Amarillo grad students attend conferences

One graduate student from the School of Pharmacy’s Graduate Program in Pharmaceutical Sciences spoke at a June conference while another recently received a travel scholarship to attend a national meeting in August.

Ahmed AlobaidaAhmed Alobaida, a research assistant working in the Department of Pharmaceutical Sciences laboratory of Fakhrul Ahsan, Ph.D., made an invited podium presentation for the New Devices and Emerging Therapies networking focus group June 5 during the International Society of Aerosols in Medicine (ISAM) Congress in Santa Fe, New Mexico. His presentation was titled “Inhaled S-nitroso-N-acetylpenicillamine (SNAP), a nitric oxide donor, for pulmonary preferential reduction of arterial pressure in PAH.” ISAM maintains six focus groups to foster networking among its membership. Their mission is to stimulate and further the interdisciplinary cooperation and exchange of information in all aspects of aerosol research in medicine including health effects of inhaled aerosols and pulmonary drug delivery.

Kshitij VermaIn addition, Ph.D. candidate Kshitij Verma, who works as a research assistant in the Department of Pharmaceutical Sciences laboratory of Paul Trippier, Ph.D., was selected by the Division of Medicinal Chemistry to receive a travel grant to attend the 254th American Chemical Society (ACS) National Meeting & Exposition Aug. 20-24 in Washington, D.C. The ACS Division of Medicinal Chemistry offers a limited number of grants annually to help young chemists present papers at the national ACS meetings. Abstracts from student members of the ACS MEDI Division are considered by the scientific merit of the paper to be presented. TTUHSC School of Pharmacy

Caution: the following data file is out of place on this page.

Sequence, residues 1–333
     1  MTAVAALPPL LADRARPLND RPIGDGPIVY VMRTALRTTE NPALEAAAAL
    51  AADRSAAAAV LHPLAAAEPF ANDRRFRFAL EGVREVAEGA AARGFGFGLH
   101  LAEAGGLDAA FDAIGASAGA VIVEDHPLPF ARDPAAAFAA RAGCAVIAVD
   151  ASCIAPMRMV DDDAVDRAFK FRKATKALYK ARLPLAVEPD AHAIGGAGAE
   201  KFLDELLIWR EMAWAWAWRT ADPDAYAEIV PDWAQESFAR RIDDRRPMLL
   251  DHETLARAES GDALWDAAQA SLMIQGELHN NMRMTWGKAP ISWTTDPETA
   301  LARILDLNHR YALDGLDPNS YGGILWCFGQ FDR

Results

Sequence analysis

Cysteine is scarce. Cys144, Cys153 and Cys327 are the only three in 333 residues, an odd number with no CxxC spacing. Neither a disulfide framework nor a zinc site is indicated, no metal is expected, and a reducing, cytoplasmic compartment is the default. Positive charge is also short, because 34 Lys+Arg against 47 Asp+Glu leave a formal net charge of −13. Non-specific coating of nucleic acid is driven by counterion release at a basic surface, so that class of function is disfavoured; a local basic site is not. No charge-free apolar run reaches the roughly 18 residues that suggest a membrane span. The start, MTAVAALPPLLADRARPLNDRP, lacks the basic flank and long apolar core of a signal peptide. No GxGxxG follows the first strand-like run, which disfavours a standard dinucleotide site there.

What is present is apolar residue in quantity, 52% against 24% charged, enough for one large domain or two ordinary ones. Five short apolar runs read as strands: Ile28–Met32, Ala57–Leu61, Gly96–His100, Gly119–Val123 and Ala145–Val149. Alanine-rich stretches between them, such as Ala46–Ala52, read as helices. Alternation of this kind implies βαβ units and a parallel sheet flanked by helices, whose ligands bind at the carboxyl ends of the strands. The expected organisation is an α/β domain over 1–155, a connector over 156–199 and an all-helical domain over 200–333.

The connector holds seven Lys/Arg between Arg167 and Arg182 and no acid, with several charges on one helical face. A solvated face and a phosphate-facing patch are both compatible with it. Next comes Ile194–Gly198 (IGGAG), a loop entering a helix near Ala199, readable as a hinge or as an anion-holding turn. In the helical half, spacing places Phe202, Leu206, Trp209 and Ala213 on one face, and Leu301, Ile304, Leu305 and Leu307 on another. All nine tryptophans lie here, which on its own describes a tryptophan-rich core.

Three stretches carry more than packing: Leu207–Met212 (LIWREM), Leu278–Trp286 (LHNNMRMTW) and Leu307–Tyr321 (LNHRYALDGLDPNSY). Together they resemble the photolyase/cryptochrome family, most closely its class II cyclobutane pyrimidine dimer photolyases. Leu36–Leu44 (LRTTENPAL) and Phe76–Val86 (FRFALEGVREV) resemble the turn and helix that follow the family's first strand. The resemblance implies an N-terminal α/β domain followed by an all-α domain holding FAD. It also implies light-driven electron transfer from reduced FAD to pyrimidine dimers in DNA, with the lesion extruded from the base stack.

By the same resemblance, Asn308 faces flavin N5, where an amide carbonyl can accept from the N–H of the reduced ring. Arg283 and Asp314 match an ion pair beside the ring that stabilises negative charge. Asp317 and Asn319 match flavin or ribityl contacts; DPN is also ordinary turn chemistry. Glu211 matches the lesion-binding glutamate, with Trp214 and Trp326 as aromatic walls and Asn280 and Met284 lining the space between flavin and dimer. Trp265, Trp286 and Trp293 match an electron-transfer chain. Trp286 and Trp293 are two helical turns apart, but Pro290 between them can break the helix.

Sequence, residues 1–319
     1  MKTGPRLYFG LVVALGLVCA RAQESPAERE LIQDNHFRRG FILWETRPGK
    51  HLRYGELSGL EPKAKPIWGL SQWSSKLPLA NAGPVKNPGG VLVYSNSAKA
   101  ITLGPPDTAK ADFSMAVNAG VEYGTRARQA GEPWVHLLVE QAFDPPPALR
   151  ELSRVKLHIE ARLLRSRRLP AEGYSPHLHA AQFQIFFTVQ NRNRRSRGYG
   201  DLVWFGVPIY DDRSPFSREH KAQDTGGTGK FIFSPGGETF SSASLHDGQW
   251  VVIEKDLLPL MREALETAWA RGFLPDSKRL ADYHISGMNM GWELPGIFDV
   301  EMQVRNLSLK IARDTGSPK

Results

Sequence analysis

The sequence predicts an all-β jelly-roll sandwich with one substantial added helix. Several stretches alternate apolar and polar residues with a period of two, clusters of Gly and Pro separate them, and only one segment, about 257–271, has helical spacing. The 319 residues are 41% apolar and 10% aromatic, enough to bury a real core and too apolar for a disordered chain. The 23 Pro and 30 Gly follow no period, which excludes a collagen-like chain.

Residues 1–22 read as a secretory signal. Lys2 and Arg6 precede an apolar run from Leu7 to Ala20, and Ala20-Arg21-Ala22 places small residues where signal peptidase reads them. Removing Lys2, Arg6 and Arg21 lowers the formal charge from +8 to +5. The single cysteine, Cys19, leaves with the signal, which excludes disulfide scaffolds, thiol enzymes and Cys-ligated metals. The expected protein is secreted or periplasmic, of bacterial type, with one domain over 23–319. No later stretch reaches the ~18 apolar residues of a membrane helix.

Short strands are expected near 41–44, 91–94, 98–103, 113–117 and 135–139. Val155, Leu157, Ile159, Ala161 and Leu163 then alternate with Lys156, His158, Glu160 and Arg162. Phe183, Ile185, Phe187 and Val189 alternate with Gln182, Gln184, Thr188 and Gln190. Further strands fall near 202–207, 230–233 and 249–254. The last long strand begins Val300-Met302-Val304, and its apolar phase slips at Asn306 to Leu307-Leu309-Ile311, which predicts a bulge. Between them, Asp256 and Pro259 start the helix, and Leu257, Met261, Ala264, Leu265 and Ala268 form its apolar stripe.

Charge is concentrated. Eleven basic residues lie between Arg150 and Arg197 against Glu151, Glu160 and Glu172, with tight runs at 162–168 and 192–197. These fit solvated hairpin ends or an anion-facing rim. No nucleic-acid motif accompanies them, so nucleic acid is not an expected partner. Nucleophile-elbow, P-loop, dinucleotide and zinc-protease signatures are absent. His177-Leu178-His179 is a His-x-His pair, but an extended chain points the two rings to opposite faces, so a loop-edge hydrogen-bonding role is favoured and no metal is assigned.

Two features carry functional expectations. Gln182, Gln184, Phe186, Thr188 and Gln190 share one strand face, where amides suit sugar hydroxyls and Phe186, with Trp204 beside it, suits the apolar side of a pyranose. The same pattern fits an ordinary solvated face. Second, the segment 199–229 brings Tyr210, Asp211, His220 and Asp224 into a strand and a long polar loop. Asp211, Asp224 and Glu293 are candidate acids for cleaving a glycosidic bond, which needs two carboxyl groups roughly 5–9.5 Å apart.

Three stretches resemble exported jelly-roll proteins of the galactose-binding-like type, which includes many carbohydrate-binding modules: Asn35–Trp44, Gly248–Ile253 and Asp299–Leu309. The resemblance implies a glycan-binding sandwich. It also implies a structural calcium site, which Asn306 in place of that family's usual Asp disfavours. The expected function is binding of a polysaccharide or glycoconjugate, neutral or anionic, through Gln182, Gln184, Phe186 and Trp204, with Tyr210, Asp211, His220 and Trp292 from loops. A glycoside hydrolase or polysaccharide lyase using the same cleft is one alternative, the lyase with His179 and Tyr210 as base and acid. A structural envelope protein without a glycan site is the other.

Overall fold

Story produced by the Office of Communications and Marketing, (806) 743-2143.

School of Pharmacy


The School of Pharmacy was established in 1996 and now has campuses in Amarillo, Lubbock, Dallas and Abilene. Since its inception, the school has played a significant role in addressing the state's pharmacist shortage. Today, more than 90 percent of its graduates remain in Texas.

The school requires its students to complete more clinical training hours than any other pharmacy program in the country, making its students some of the most sought after graduates.